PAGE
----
Will You Drive A Hyundai Kona EV That's Powered By Human Waste?

Modified On Jul 02, 2021 09:46 AM By CarDekho for Hyundai Kona

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This electric SUV demonstrates how better wastewater treatment is helping people save almost Rs 1 lakh per year on fuel costs

If you hadn’t noticed the side decals or number plate, the Hyundai Kona Electric you see in the pictures runs on energy derived from human waste. Queensland Urban Utilities, a sewage treatment company based in Australia, owns this electric vehicle (EV). It’s called the S-Poo-V ‘Number 2,’ because it’s the second sewage-powered car from the company, aside from the obvious reference to poop. To everyone asking where the extra electricity to power EVs will come from, here’s one possible answer.

Before this, Urban Utilities had launched a Mitsubishi i-MiEV electric hatchback in 2017 that was simply called ‘Poo Car.’ Now, the Number 2 is a Hyundai Kona Electric SUV, possibly an older and lower-spec variant with a 39.2kWh battery. In Australia, Hyundai currently sells the 2021 Kona Electric with a larger 64kWh battery and 200PS/395Nm electric motor, starting at the equivalent of Rs 38 lakh. The car owned by Urban Utilities is similar to the India-spec pre-facelift Hyundai Kona Electric with a 450km driving range. In India, it retails from Rs 23.78 lakh (ex-showroom). 

Urban Utilities says that the average person’s daily sewage only generates enough power to travel 450m. If that doesn’t sound like much, it isn’t -- it takes 1.5 lakh litres of sewage to fully charge the Kona once. With all the sewage that it gets to treat from southern and western Brisbane, the company can power up to 4,000 homes for a full year. 

‘Waste-to-wire’ sewage treatment plants exist in India, too. 7 of Chennai’s 12 wastewater treatment plants have biogas generators. Without a doubt, sewage is a perennial source of electricity.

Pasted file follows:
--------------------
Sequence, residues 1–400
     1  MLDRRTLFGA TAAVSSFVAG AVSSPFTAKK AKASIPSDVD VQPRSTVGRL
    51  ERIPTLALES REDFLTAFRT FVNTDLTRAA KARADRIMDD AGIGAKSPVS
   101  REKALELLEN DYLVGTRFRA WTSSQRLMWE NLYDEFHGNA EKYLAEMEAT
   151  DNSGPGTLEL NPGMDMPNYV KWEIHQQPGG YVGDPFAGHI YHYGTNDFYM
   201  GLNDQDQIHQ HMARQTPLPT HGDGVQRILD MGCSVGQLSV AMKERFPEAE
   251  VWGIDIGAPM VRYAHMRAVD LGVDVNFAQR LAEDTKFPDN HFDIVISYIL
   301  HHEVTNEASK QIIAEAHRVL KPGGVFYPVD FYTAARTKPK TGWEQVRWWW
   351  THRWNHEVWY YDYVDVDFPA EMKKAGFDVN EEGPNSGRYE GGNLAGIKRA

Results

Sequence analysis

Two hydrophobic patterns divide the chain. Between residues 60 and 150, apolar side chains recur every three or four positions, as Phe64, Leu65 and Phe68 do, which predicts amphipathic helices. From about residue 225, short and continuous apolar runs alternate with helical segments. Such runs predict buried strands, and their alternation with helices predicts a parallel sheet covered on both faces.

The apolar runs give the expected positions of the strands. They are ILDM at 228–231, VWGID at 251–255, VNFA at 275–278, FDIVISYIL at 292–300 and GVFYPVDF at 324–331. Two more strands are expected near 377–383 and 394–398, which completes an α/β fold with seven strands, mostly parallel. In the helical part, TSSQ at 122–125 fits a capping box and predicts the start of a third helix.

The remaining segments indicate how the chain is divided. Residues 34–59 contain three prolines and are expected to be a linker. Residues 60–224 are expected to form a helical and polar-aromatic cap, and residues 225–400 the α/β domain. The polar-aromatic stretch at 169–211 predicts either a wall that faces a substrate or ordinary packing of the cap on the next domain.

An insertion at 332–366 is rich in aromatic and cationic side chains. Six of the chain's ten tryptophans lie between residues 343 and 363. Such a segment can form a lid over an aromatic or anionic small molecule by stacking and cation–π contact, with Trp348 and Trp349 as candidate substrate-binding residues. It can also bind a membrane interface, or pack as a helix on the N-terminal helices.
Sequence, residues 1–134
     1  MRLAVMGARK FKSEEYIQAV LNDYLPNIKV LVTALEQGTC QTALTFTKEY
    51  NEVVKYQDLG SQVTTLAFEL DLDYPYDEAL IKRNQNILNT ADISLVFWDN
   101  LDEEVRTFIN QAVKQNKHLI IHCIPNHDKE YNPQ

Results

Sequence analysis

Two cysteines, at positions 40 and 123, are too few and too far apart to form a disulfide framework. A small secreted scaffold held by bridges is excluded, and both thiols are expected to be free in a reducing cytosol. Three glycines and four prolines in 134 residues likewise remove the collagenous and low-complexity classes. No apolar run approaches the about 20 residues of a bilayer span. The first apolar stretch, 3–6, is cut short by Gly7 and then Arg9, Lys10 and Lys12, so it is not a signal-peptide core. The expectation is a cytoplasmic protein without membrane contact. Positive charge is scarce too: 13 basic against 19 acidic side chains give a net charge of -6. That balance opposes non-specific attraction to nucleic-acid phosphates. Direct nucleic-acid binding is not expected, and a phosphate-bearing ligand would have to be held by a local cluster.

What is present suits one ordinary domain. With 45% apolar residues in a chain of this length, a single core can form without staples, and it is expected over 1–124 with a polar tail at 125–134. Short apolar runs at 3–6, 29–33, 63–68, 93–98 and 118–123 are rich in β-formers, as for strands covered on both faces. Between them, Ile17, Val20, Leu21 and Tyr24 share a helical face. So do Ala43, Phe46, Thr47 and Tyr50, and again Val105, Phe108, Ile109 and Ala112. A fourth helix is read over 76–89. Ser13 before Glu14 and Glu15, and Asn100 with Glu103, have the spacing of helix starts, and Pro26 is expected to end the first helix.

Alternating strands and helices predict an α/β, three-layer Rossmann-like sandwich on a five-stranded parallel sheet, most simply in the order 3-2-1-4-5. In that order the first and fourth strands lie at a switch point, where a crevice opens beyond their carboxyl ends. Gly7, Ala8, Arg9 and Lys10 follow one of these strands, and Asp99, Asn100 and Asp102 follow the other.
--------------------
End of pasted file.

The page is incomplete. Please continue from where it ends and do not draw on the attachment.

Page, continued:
It all starts from an inevitable by-product of sewage treatment -- sludge. Sludge is a viscous mass of organic matter that’s teeming with organic matter-eating bacteria. Treatment plants recycle their sludge many times, but ‘residual sludge’ is still an environmental hazard. You can incinerate it, but a more environmentally-friendly way is to feed it to anaerobic bacteria that convert it into a methane-rich gas called biogas. By this point, your poop has turned into clear water and combustible fuel! 

International environmental agencies say that even converting petrol and diesel cars to biogas can help reduce lifetime emissions of greenhouse gases in cars. That’s how the first-ever poop-powered car, the Bio Bug, was born. It was a Volkswagen Beetle cabriolet launched in 2010 by UK company GENeco and modified to run on refined biogas, similar to how petrol cars can be modified to run on CNG. But unless the plant has a biomethane refining unit, biogas from sewage needs to be refined off-site to be used in cars. In most cases, burning the biogas off in a gas turbine on-site is the greenest way to dispose of it. In other words, your poop can help solve global warming and power your car, if processed the right way!

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